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The spitting accident - Montreal, July 6th, 1977
A Recollection of the spitting accident (Montreal, July 6th, 1977)
by Marcel Daoust, August 2001Hi folks,
It's been 24 years now and I had almost completely forgotten about it, but through a recent coincidental turn of events I started reading about the famous spitting incident in Montreal on July 6th 1977, involving Roger Waters and the long term effect this and other events have had on him and other members of Pink Floyd and there subsequent careers.
My only problem with this is that so far all we have is the band's version of it.
If I may, I would like to give one fan's version of it as I was there that particular night, facing Roger Waters in the first row. I still have my ticket from that show.
One has to understand that in Montreal, Pink Floyd venues have been the absolute #1 entertainment events of all times. It surpasses Genesis venues and even the Stones, as only Pink Floyd would be one of the very few bands to dare play the Olympic Stadium to full capacity.
So the announcement in 1977 of a new show (the 1975 show was still vivid in my mind as that of everyone that attended), brought instant waves of hype to get the best seats in the house.
The stadium could then seat about 62000 and successive waves of new ticket sales likely filled the ground level field to nearly 40000. I think we got our tickets at the very end.
We got to the stadium early, and stood by the entrance. By the time the doors opened, tens of thousands of people were pushing to get on the field and I clearly remember fearing to be crushed to death against the wall.
As the show began, many people were already half intoxicated from a long hot day of waiting and drinking and else. Then it struck: the PA system was nowhere near what was required for this type of event. The sound was horrible for likely 75% of the crowd in attendance!!! Roger Waters himself acknowledged later that some folks in the crowd during the "In the Flesh" tour likely never heard the music.
In an interview, Mick Kluczynski (Pink Floyd road manager) commented: 'On the eve of the North American leg of the tour, Kluczynski and Graeme Fleming made an advance check on the first outdoor venue, Atlanta Stadium, to gauge the extent of the PA equipment and sound power required. Kluczynski: "I walked down onto the field and started looking upwards, and up, and up... I suddenly went into a blind panic and couldn't wait to get on the phone to Robbie in London to tell him to double what we'd ordered!" '
It was confirmed in Montreal that they were not equipped to address a stadium of this magnitude.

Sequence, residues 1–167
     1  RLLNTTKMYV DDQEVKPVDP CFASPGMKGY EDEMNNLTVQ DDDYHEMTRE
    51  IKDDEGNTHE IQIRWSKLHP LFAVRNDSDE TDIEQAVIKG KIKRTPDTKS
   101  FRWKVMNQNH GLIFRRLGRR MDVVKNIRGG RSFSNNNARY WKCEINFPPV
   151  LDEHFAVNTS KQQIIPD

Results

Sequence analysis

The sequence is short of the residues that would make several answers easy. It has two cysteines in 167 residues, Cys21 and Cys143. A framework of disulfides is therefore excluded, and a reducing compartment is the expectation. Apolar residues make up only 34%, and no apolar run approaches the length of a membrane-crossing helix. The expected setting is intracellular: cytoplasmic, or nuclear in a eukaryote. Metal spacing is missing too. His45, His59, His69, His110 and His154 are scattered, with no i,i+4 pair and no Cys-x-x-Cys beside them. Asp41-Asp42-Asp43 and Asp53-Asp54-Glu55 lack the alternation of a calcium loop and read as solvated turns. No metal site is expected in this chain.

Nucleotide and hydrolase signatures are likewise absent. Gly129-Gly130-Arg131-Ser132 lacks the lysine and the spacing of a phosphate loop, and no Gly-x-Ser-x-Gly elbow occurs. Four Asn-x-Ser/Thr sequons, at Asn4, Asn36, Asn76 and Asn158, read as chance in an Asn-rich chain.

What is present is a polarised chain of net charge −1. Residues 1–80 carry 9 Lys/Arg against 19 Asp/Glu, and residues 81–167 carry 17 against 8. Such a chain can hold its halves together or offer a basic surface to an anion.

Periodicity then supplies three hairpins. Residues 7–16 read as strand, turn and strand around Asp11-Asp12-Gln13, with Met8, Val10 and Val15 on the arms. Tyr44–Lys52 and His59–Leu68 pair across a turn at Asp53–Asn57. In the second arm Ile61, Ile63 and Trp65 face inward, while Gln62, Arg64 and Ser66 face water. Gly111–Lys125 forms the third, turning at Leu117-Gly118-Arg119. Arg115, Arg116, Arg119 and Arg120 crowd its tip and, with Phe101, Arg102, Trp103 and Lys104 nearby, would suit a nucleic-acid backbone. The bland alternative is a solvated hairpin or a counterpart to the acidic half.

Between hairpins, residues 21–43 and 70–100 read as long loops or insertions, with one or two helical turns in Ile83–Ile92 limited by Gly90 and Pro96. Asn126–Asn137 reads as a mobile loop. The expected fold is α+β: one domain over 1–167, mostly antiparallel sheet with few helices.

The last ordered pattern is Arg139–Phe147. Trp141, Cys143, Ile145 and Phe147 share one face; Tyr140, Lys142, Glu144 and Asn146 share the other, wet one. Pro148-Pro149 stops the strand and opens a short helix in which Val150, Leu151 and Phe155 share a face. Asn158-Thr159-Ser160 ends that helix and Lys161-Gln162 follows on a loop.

In Montreal, the attempt to compensate for the waves of echo bouncing off the round statium structure just made it worse as all was out of phase and muddy. I guess the sound engineers struggled to tune the system with a full stadium, as compared with an empty one during sound check. Heck, Pink Floyd never learned their lesson and repeated the same mistakes in 1988 and 1994 (this time the power was there, but it was atrociously distorded; we just could not believe our ears) in the same stadium to the point the first time my wife attended a rock concert in 1994, we walked away pissed off, halfway into the show (A $150 throwaway!!).
When they played the Montreal Forum in 1987, as a warm up gig to the "Delicate Sound of Thunder" tour, it was magical, just like in 1975 at the Autostadium. I think this is what triggered what would become a long list of unfortunate events on July 6th 1977.
Montrealers are notoriously loud. Either they love you and will shower you with magnificient applause or they will bury the show in anger.
This is what happened that evening as folks started throwing firecrakers and things and blowing horns, I believe in frustration.
My friends and I set to head right to first row, and we were facing Roger Waters. The crowd just could not shut up and listen. By the way most of us don't speak English here, as I did not myself in 77, so most didn't care about the lyrics. That may be another ingredient for disaster. When Roger Waters tried to sing "Pigs on the Wing", one particular firecraker came from the upper balcony, from his left-hand side and popped loudly just above his head.
He just freaked! Stopped playing and talked back to the audience. That was like a declaration of war. Many teanagers in the front rows, started pushing and shoving. We were 17 at the time and heavily into punk music (Iggy Pop and the Ramones) and heavy metal (Rainbow, etc.). Not a quiet crowd. One of my friend was fluent in English then and quite verbal against Waters, actually screaming to the top of his lungs. This is when I began feeling quite embarrassed by the whole thing. But what can one expect from half-drunken teanagers? Roger Waters should have known better.